Freedom Is Not Compatible with Government’s Initiation of Force against Innocent People
By Robert Higgs • Wednesday January 26, 2011 8:53 AM PDT • 12 Comments
In yesterday’s New York Times appears an op-ed article by Edward L. Glaeser, a professor of economics at Harvard. Glaeser’s article is remarkable because arguments in favor of freedom, insisting that economic analysis implicitly rests on a moral presumption that individual freedom has fundamental value, do not appear every day—or every month—in “the newspaper of record.” So, I am glad to give two cheers to Glaeser, one for his theme and another for his courage in placing the argument in such a hostile outlet.
I cannot give Glaeser a third cheer, however, because toward the end of the article he inserts a concession that I find wholly inconsistent with the rest of the argument. He writes:
Economists’ fondness for freedom rarely implies any particular policy program. A fondness for freedom is perfectly compatible with favoring redistribution, which can be seen as increasing one person’s choices at the expense of the choices of another, or with Keynesianism and its emphasis on anticyclical public spending.
Many regulations can even be seen as force for freedom, like financial rules that help give all investors the freedom to invest in stocks by trying to level the playing field.
To be sure, many mainstream economists do think about policy just as Glaeser says they do. But in doing so, they are mistaken. I find it difficult to believe that a man of Glaeser’s intelligence has really given much thought to what he is saying in these passages.
In fact, a presumption in favor of freedom rules out virtually everything that modern governments do, certainly nearly everything they do in interfering in economic affairs. Redistribution of income, for example, requires that the government rob Peter in order to benefit Paul (and its own functionaries, who serve as middlemen in this transfer). This action is not freedom; it is a crime against Peter, a raw violation of his right to his own legitimate property. Keynesian countercyclical spending requires the government to spend borrowed money whose acquisition is premised on future taxation (that is, robbery) of taxpayers in order to service the debt and repay the principal. Again, innocent persons have their rights violated. How can anyone fail to see that robbery is incompatible with freedom? Finally, the financial rules that Glaeser finds compatible with freedom entail threats of violence against financial transactors who do not follow arbitrary government rules—often extremely foolish and even destructive rules—in making their transactions, notwithstanding the fact that the parties to the transaction may be perfectly willing to proceed without such regulatory compliance. Such regulation is the very opposite of freedom; it is instead the sheer imposition of outside force, intruding on willing transactors, and thereby discouraging them to some extent, if not entirely, with consequent loss of the wealth that such transactions would have created, in addition to the loss of liberty.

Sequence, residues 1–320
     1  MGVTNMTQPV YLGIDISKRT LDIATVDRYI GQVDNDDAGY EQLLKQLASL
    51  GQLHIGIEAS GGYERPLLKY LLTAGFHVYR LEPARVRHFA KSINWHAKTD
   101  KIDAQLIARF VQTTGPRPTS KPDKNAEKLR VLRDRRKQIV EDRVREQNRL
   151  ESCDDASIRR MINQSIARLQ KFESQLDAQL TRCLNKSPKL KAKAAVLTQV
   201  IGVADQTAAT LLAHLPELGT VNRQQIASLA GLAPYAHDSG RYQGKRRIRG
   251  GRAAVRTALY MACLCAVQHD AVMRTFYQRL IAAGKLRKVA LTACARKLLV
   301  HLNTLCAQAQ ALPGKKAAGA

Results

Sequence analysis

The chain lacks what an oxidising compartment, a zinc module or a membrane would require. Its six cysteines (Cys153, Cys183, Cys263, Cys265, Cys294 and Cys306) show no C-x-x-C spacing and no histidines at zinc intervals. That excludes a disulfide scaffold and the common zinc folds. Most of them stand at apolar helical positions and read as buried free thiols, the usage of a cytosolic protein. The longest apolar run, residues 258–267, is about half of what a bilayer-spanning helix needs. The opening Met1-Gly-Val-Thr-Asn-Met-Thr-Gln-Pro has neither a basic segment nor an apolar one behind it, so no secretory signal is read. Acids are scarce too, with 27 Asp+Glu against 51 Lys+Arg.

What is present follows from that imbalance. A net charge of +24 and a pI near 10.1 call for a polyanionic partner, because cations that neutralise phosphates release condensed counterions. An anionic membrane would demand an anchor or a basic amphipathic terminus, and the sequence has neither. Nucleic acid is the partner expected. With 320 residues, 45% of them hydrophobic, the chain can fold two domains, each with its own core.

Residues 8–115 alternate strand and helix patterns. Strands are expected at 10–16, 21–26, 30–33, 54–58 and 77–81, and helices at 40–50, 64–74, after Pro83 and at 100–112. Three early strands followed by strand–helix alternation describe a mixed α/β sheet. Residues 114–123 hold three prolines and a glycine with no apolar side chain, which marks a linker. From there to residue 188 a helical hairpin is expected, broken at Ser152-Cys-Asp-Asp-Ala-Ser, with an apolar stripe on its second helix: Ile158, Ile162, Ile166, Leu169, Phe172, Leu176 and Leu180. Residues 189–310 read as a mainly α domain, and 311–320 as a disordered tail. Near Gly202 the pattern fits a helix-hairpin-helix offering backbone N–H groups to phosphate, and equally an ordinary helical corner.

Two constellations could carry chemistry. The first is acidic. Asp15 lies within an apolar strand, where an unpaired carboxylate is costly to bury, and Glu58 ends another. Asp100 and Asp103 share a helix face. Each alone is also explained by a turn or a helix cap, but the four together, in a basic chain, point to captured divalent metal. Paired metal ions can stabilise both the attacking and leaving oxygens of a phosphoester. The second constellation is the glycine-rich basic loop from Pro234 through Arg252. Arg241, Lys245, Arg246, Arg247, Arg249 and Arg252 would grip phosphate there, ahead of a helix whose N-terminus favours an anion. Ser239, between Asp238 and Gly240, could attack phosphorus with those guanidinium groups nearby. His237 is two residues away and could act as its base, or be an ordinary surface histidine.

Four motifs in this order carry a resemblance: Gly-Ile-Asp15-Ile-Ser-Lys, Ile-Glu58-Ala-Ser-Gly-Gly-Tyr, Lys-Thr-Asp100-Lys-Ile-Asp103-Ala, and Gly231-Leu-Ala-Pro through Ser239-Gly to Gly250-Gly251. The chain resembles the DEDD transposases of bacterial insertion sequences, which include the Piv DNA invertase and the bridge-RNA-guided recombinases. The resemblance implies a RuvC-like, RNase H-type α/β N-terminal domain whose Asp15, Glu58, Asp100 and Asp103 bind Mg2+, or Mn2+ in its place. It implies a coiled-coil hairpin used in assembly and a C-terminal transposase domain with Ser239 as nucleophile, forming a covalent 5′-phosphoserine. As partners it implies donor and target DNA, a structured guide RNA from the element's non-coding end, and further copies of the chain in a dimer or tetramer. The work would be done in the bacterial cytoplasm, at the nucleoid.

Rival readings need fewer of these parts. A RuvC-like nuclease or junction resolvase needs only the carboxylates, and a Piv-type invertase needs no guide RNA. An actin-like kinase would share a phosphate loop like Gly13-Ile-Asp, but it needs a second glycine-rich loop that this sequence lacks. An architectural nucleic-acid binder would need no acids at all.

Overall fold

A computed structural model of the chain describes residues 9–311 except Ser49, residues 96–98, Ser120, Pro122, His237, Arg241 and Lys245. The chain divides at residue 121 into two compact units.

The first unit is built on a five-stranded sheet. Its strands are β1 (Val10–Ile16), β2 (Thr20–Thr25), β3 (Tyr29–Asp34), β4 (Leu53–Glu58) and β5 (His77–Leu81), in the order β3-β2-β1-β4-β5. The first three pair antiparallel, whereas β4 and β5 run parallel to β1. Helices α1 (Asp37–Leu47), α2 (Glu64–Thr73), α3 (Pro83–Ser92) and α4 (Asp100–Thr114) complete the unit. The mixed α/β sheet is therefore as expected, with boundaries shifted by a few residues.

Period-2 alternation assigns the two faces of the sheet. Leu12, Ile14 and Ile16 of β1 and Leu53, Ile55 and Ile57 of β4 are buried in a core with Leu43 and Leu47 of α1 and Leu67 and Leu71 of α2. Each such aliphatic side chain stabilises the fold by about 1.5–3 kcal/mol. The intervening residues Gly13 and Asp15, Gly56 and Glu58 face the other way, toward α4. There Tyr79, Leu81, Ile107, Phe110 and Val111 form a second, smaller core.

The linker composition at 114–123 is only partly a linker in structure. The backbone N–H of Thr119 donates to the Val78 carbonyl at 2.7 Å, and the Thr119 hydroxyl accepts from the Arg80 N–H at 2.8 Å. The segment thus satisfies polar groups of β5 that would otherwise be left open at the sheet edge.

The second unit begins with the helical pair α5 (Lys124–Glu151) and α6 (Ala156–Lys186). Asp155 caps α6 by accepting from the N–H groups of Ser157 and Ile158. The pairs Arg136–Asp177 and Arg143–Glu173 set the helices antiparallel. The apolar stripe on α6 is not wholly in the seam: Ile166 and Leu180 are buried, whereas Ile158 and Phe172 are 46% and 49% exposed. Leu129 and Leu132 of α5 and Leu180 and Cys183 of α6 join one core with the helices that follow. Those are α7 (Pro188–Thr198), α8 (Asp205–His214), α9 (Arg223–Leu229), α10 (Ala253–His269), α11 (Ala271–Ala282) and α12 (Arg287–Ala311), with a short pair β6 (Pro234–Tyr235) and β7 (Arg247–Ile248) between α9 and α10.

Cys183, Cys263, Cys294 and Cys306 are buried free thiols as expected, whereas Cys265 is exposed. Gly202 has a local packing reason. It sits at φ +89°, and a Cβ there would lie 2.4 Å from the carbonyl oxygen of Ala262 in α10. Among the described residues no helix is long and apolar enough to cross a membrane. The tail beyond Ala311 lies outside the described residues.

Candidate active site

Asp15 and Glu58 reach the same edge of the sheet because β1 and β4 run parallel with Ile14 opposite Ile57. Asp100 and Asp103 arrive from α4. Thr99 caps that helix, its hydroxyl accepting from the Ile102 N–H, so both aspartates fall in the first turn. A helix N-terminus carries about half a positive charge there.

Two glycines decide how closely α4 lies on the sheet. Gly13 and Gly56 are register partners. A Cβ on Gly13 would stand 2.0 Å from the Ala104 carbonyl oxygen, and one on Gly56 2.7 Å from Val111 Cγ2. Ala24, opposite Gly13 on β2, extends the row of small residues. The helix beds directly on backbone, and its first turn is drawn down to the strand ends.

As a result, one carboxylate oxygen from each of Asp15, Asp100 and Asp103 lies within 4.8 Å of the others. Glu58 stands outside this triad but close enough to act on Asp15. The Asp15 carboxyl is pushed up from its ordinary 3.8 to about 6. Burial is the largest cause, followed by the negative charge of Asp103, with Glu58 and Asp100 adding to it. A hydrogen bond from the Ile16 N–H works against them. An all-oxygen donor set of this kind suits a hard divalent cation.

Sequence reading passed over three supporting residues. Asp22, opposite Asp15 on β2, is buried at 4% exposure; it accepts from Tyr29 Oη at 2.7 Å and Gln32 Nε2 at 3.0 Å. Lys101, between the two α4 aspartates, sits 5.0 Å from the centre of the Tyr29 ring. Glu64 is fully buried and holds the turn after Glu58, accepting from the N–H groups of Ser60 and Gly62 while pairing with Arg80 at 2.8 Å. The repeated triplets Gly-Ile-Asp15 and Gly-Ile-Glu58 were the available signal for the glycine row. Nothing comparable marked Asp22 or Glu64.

Perhaps it is unseemly for someone such as I to make a recommendation to a Harvard professor, yet I cannot resist the urge to suggest that Glaeser read, say, Murray Rothbard’s Power and Market. Expositions of that sort would help him to gain a clearer vision of the distinction between individual freedom and state domination in economic affairs. Glaeser quotes Milton Friedman to good effect in his article, but Friedman’s writings ought to be the beginning, rather than the end of wisdom in this area. In regard to freedom, Friedman’s arguments were good as far as they went, but they did not go nearly far enough. Like Glaser, Friedman was prepared to make many concessions to state power, and his focus on utilitarian arguments, as opposed to moral principles, diminished the intellectual force of his laudable efforts to enlarge the scope of liberty in economic affairs.